FRANKFURT, Germany - Germany, long adverse to being in the red, on Tuesday posted a public deficit of 51.6 billion euros for the first half of 2020, with coronavirus lockdowns undercutting government revenue as it increased spending.
The economy posted a deficit of 3.2 percent of Gross Domestic Product in the 6 months to June, according to Germany's statistics agency Destatis, above the 3.0 percent limit under EU rules that Brussels suspended due to the pandemic.
In the same period of 2019, Germany recorded a public surplus of 2.7 percent of GDP, or around 46.5 billion euros.
Destatis revised upwards the GDP estimate for the three months to the end of June to show a contraction of 9.7 percent, better than the initially reported 10.1 percent slump.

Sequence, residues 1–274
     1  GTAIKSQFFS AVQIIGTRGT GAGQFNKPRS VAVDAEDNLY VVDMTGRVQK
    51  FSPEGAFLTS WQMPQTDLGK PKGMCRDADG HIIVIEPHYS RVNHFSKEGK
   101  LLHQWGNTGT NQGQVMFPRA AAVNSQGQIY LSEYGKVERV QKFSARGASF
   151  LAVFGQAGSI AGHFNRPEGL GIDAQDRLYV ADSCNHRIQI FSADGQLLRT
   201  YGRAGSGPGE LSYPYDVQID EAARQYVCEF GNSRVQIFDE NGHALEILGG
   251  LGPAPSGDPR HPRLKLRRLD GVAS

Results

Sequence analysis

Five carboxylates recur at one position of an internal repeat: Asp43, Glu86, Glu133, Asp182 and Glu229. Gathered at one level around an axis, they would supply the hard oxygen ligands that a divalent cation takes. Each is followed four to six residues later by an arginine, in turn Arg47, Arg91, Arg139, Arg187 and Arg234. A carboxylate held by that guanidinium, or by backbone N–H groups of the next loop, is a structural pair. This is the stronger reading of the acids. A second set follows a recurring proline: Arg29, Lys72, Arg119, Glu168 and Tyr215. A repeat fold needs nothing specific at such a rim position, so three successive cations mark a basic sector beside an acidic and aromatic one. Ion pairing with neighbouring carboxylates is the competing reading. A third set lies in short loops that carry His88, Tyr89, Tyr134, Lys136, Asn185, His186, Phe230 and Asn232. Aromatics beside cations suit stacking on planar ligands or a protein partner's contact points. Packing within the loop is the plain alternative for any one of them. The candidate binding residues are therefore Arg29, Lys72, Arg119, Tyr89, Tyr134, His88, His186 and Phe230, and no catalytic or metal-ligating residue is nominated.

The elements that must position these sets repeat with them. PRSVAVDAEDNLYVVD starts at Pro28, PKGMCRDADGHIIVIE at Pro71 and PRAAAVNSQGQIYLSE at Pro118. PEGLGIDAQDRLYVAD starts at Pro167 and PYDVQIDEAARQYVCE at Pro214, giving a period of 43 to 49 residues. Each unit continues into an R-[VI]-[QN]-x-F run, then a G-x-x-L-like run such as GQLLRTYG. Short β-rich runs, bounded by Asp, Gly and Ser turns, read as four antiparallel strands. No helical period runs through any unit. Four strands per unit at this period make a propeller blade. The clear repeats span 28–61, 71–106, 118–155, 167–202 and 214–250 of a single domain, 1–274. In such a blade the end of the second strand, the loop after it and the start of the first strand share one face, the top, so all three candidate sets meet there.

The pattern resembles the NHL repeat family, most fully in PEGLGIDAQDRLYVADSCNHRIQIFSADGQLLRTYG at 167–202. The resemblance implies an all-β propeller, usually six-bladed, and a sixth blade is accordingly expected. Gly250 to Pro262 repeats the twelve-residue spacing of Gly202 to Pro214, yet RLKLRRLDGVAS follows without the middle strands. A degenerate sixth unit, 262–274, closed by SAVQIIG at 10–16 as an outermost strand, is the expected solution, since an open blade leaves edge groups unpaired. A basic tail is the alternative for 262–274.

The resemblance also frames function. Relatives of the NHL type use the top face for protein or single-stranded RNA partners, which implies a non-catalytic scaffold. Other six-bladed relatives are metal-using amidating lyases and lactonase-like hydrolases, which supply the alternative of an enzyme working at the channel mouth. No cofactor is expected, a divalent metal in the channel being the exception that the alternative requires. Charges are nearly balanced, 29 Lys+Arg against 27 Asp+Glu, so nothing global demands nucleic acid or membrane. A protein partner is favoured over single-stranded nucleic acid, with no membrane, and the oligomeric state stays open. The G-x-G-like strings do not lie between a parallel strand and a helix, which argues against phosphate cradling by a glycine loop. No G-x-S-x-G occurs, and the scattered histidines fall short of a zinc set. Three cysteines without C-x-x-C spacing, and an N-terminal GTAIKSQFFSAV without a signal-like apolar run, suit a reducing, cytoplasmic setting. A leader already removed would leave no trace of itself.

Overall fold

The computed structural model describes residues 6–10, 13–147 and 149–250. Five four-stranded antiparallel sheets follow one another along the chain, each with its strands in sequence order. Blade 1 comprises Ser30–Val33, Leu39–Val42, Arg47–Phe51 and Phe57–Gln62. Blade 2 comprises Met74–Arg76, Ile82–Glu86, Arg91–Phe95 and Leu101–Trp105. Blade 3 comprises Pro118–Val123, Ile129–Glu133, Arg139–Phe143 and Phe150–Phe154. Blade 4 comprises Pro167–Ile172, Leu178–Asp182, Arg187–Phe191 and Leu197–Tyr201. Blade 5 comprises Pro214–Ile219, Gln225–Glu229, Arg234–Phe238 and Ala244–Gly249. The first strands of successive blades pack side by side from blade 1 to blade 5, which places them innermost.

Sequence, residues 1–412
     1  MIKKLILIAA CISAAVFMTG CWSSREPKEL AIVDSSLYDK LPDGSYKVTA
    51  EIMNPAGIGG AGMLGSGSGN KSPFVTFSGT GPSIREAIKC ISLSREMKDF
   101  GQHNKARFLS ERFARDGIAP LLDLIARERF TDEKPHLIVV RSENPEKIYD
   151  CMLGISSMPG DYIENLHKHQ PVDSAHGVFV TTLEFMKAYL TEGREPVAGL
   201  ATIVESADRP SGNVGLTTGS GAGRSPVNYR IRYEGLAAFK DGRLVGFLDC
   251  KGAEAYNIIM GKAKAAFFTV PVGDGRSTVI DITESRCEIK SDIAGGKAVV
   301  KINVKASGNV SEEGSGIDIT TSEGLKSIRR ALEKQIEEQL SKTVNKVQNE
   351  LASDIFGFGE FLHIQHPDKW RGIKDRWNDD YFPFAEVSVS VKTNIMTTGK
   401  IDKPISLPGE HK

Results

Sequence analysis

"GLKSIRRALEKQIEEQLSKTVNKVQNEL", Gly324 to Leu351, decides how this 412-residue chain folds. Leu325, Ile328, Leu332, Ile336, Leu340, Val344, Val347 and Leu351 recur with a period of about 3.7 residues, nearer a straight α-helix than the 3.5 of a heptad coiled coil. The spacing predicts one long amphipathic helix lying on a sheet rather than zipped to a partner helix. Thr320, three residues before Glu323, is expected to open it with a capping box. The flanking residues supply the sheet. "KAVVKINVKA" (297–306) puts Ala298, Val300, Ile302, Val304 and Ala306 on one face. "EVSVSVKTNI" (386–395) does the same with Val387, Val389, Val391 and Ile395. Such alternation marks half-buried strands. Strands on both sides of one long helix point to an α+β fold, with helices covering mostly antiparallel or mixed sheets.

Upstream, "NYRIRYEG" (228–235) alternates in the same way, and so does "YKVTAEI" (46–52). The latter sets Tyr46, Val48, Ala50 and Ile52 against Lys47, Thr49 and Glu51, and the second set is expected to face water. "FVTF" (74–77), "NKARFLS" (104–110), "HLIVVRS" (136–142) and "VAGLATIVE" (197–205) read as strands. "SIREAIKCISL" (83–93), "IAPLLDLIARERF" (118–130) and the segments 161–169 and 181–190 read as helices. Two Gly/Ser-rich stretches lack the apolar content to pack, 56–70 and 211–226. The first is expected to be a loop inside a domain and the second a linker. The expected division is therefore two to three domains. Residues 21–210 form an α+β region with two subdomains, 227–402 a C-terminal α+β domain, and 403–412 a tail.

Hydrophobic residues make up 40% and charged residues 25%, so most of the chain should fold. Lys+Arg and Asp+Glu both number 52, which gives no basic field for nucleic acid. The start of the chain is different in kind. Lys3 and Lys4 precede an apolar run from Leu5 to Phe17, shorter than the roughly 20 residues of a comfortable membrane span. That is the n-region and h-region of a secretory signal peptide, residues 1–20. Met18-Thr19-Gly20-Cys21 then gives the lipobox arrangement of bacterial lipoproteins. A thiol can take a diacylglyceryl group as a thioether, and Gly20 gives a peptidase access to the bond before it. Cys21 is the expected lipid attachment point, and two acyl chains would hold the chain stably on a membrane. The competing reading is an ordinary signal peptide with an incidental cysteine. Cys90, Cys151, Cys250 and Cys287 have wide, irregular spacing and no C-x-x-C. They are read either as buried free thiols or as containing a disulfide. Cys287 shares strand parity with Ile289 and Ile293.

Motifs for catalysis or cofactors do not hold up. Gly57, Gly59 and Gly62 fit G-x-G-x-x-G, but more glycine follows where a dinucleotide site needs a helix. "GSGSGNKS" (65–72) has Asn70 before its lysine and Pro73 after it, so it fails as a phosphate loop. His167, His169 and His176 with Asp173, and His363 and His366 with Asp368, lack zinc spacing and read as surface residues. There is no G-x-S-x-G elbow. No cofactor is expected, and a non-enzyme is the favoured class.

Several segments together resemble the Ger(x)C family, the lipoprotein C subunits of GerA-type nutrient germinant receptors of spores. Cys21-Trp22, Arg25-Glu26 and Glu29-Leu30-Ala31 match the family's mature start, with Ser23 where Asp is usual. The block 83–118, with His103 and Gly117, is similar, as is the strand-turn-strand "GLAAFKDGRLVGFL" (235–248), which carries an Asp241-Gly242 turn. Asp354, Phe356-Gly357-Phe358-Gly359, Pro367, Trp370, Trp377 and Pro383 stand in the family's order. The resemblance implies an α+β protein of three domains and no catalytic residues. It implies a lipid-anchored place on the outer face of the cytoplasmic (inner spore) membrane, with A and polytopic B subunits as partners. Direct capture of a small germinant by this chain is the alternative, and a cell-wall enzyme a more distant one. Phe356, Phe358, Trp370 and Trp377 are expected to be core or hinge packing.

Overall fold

It is still "the sharpest decline since quarterly GDP calculations for Germany began in 1970," the agency said, worse than at the height of the financial crash, when GDP fell 4.7 percent in the first quarter of 2009.
For the first time since 2010, state revenue was down year-on-year, Destatis said, while government spending soared 9.3 percent as it tried to support the economy.
Last week, Finance Minister Olaf Scholz said that Germany will take on yet more debt in 2021 to lessen the impact of the pandemic, forcing it to suspend its cherished policy of keeping a balanced budget.
Scholz previously said Germany planned to borrow around 218 billion euros in 2020 to help pay for a huge rescue package to steer the country through the coronavirus-induced downturn.